Grandma by Nico Goebel

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It was a running joke in studio that we would lasercut all of our furniture for the post-college life before we were forever locked out by the fab lab’s doors. Lasercutting isn’t at all reserved merely for large builds, but rather, its logic and precision can be used to create whimsical, elegant pieces. Nico Goebel proves this point with Grandma, a cardboard floor lamp that converts the most banal material into a work of art. An aggregate through section, the lamp capitalizes on the corrugation for a semi-porous lampshade that allows a warm glow from the light within. The slices are clipped onto an orange metal frame, a contrast to the surprising airiness of the heavy paper product.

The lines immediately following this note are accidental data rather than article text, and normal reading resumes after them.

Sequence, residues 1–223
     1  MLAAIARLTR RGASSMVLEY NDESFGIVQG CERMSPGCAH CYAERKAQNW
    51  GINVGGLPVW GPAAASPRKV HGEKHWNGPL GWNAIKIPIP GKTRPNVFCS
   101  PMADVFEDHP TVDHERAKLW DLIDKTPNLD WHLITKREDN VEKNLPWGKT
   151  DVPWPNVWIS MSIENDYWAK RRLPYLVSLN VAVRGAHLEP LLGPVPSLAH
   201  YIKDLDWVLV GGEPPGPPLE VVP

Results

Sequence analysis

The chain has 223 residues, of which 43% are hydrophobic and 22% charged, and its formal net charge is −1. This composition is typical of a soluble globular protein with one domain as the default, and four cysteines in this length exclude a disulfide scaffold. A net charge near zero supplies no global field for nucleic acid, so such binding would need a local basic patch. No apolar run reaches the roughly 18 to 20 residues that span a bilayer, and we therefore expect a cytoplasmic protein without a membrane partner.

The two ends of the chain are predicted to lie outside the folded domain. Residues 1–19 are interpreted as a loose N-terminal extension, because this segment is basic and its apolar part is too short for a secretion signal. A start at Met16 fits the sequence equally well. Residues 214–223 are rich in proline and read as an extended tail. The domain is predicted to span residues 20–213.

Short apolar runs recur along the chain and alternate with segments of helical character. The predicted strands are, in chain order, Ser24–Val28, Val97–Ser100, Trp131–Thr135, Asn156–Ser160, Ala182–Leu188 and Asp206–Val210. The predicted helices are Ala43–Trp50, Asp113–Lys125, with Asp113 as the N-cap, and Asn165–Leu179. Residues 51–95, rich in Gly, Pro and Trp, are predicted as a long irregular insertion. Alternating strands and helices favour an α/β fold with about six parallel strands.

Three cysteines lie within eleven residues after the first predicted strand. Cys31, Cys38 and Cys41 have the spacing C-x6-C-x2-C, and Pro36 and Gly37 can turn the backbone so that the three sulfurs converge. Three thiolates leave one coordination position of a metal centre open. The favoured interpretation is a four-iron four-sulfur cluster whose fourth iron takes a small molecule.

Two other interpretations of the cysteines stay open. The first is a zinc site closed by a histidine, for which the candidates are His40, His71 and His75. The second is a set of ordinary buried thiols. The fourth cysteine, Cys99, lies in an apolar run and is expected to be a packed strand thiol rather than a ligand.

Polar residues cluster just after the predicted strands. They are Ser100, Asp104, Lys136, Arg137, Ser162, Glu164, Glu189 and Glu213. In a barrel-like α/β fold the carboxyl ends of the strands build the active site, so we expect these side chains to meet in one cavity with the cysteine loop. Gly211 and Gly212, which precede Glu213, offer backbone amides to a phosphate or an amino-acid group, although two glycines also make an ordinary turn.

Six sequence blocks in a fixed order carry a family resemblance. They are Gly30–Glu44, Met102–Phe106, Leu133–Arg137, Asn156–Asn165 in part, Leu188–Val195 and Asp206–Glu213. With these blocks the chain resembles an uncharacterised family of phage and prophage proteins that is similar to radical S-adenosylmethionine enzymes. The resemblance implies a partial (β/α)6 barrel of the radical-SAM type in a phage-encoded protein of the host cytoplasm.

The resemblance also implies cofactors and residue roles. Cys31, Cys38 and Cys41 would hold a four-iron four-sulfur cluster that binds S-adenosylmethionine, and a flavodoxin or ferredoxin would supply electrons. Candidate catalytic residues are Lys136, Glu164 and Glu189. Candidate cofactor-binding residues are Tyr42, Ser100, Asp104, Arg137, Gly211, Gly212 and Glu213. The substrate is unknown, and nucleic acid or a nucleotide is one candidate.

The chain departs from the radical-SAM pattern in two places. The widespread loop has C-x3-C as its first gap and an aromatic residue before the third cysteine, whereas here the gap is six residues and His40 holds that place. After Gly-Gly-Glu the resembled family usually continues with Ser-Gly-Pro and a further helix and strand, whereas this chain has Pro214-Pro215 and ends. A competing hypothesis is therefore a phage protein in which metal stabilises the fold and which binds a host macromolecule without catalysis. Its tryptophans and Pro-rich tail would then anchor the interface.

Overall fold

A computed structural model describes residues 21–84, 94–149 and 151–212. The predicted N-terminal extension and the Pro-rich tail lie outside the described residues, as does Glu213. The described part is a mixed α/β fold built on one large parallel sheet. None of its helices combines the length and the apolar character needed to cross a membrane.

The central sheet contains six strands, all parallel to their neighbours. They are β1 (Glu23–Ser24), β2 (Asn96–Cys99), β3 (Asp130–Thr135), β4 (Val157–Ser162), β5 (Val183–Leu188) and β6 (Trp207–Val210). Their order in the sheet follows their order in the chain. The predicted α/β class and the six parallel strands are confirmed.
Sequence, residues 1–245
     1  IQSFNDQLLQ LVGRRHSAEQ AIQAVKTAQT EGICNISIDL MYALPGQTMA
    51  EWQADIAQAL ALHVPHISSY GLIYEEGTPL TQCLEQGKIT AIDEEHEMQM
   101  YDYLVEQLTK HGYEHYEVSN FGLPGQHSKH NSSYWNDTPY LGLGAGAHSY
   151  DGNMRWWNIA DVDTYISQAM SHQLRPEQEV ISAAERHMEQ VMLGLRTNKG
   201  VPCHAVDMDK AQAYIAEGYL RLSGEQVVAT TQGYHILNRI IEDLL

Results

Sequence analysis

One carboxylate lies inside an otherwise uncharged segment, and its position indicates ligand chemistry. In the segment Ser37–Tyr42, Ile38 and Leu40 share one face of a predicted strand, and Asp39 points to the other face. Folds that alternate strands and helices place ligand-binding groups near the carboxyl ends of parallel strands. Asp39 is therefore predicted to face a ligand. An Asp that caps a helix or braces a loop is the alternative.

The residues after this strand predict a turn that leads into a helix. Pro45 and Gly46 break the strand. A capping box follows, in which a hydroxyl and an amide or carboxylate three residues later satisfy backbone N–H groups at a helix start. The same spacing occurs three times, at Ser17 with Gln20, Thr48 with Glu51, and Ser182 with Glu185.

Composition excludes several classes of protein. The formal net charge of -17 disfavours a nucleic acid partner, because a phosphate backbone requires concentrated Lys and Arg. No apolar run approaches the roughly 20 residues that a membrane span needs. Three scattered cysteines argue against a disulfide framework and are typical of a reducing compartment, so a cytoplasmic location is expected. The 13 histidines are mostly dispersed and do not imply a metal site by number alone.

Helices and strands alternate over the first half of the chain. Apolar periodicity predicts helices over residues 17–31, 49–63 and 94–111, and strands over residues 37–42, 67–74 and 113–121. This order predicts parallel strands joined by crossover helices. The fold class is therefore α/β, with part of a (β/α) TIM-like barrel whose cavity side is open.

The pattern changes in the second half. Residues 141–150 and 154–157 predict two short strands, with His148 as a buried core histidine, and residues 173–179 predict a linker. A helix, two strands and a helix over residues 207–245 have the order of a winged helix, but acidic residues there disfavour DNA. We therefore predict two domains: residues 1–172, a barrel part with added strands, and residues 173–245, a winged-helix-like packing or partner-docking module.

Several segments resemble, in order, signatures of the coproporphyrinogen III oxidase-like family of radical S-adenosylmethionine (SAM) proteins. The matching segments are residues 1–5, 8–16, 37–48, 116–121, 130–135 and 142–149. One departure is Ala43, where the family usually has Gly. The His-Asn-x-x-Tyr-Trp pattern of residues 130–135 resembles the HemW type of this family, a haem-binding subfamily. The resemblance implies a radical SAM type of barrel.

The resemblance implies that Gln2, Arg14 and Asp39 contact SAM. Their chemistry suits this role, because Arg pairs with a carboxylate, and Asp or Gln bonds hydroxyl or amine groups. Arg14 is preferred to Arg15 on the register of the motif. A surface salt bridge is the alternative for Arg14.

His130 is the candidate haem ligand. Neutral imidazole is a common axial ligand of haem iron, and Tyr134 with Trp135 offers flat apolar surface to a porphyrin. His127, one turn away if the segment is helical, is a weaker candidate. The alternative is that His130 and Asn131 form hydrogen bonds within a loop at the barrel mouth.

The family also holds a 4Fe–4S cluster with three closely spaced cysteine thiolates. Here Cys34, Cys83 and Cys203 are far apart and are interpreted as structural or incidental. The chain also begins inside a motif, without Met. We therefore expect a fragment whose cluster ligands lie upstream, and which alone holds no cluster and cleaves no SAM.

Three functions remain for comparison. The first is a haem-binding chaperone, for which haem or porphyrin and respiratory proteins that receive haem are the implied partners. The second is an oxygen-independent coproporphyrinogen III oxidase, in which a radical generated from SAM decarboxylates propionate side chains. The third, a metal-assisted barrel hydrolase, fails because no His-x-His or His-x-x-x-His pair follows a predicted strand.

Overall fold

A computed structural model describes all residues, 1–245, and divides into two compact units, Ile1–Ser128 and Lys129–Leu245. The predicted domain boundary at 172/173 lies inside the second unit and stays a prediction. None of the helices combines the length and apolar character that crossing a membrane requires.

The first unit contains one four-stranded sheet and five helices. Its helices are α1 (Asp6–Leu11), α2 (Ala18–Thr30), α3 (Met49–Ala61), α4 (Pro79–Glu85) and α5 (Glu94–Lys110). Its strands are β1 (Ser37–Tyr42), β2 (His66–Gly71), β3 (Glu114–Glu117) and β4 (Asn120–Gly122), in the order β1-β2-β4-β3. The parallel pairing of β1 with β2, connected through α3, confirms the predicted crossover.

Kimberly

Kimberly

Kimberly is a graduate from MIT's Department of Architecture, and has recently joined the publication team at MIT OpenCourseWare. While architecture remains her first love, her interests encompass literature – epic poetry and Medieval romances are her favorite – and also fashion.

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